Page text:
Five A-List Street Performers Who Deserve Representation
By Brian J. Samuels
On a slow-going afternoon, when you’re just desperate for a break from the cubicle farm, a stroll down one of your city’s busiest streets provides a much-needed respite in the form of greasy food carts, Olympic-level people-watching, and unsolicited entertainment. Yes, that avenue teeming with tourists is also a workplace unto itself – a stage for the most starving of artists: street performers!
Their repertoire is diverse: acrobatic stunts, knife juggling, superhero impersonation, dark magic, or even just dousing oneself in some metallic paint and standing very, very, very still. Have you ever thought about how these artists make ends meet? World-renowned (read: wealthy) violinist Joshua Bell has. In 2007, Bell conducted an experiment to see how much he could bank as a street performer. For several hours in the middle of a DC metro station, he played his fiddle as beautifully as he does on the concert stage in front of thousands, and earned a measly $32. No one recognized him or even stopped to listen.
It’s a harsh reality, but in today’s cutthroat world, even fringe street performers need representation to earn a buck. Enter Ron Barba, Craigslist Agent. On KoldCast TV’s comedy series King of the List, Barba does G-d’s work, scouring the list to find work for his amateur clients, consisting of aging thespians, ventriloquists, puppeteers, and mimes – people who feel more comfortable standing in front of an open suitcase than a packed house.
Click to Watch Episode 1 of KING OF THE LIST, “Bully For You Ron Barba”
Watch the next episode of King of the List, “Ventriloquist, Duh!”
We’re recognizing these sidewalk soldiers whose homemade acts brighten up our mundane days. From San Francisco to Sydney, the best of the best are listed below. Barba, keep an eye out… Your next cash cow might just be on this list!
In Sydney, Australia there’s a man who combined his three great loves: riding a 12-foot unicycle, juggling knives, and juggling fire, to create a death-defying act for all the placid folks below. Mossengren used to work a regular 9-to-5 job just like us, but gave it all up to pursue this bizarre dream. As if it weren’t enough, he does all this as a background to his standup – well, not literally standup – comedy routine! He’s been performing for two years and while he admittedly doesn’t make a great income, he makes enough to pay rent and wakes up happy every day.
Speaking of juxtaposed innovation, this guy’s main act is rollerblading down a long street and creating music by tapping pre-arranged bottles with his skates. The results are beautiful, mile-long harmonies ranging from “Happy Birthday” to Mozart’s Symphony No. 40. Understanding the importance of relating to his audience, Lauziere is that rare breed of a multi-lingual street performer, conversational in English, French, German, Italian, and Japanese.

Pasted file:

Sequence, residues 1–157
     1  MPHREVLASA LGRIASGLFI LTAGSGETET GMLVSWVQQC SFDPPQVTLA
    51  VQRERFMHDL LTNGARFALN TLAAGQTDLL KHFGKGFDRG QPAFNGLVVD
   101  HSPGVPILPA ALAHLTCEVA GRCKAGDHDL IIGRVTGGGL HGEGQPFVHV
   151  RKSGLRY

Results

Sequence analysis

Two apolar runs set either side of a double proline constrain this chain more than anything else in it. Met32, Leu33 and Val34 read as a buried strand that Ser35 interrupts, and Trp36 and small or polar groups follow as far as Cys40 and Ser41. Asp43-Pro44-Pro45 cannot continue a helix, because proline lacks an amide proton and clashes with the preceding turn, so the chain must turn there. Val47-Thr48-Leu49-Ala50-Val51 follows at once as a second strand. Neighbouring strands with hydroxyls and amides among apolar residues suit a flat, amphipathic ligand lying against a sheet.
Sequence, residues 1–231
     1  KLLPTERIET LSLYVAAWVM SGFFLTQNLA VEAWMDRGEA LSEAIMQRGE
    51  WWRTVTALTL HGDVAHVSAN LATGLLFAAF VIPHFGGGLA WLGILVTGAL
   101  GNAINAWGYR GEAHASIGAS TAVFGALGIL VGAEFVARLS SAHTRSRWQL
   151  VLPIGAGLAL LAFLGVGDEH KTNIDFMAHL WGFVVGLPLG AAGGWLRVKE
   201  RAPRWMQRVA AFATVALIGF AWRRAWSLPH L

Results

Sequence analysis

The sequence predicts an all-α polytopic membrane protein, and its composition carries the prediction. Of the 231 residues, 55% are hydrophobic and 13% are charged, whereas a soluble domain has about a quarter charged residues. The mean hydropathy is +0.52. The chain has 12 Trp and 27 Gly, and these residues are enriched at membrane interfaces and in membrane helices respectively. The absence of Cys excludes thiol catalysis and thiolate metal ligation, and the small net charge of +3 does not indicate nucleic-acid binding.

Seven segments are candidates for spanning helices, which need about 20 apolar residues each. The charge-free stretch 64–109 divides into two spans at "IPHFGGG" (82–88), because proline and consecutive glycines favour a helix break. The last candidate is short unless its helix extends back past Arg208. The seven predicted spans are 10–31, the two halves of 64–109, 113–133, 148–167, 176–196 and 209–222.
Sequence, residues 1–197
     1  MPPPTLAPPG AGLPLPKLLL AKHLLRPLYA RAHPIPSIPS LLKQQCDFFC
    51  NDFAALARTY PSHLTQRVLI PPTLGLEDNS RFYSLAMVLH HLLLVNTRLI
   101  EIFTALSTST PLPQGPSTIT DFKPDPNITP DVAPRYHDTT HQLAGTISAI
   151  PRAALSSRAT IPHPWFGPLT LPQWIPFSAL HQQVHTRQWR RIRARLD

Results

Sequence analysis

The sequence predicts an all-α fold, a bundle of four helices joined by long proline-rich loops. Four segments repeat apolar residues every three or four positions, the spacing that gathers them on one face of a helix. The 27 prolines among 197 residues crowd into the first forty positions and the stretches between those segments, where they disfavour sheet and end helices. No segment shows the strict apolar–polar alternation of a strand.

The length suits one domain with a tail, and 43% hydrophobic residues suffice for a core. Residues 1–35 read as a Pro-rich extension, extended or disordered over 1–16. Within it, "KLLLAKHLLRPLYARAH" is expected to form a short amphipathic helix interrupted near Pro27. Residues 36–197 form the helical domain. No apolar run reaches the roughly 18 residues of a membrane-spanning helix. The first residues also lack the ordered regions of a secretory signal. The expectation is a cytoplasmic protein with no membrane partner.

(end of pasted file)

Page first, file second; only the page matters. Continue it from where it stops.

There are countless theories floating around online as to how he does it and even more attempts to debunk him, but the truth is no one knows a thing. Ramana levitates. Ramana levitates up to 32 feet in the air. Ramana’s act has gotten so popular, he’s been invited to Times Square and even The White House, all the way from the Netherlands. In fact, he’s become so successful that corporations now hire him to levitate for them in creative publicity stunts. Barba, you may have actually missed this boat. Ramana is fun to say. Oh, and Barba, Ramana is a mind reader as well.
Known as “the Venice Beach chainsaw guy”, Gruenberg’s claim to fame was juggling running chainsaws on the historic California boardwalk. He would deviate from the power tool to juggle the occasional machete and frozen fish. It’s a serious act, but he had a sense of humor, evidenced by choice of theme song: “Stayin’ Alive” by the Bee Gees. Gruenberg’s juggling flourished in the late 80’s and eventually wasn’t seen around those sandy shores anymore. Rumor has it he’s gone on to a successful career in Real Estate. Booorrrriiiinnnng. Ron, hire a private detective if you have to, and bring him back!
Winrich has discovered all possible uses for –the S&M freaks should love this one – whips. That’s right, Winrich can crack ‘em so fast and with such control, it sounds like he’s beat boxing. When he feel’s like it, he straps on a harmonica to add a little melody. Sometimes he even lights them on fire, because as all professional street performers come to understand, everything is better when engulfed in flames. Somehow Winrich has managed to keep himself and spectators unscathed. Not one to be outdone, the man holds nine Guinness world records for his skills, including “most bullwhip cracks in one minute” and “the most candles extinguished in one minute with a whip.” Specific.
Street Performers are one of life’s underrated, underserved joys. Next time you’re scarfing down a corn dog, watching some dude risk his life for that loose chump change you’re fingering in your pocket, throw him a bone and pay for the show. Ron Barba may be out there in the crowd sizing up his next big client, but just in case he isn’t, do your part to make sure this guy doesn’t get his next meal from a recycling bin. Someone out there will say, Bully for you!
Read: The Sixth Wall Talks to the Filmmakers Behind KoldCast TV’s King of the List
Marie Chevre is a freelance writer and editor whose loves include pillows and home libraries. When she isn’t writing, you’ll find her acting in local indie films or out on a run along the river. She is currently writing her first novel.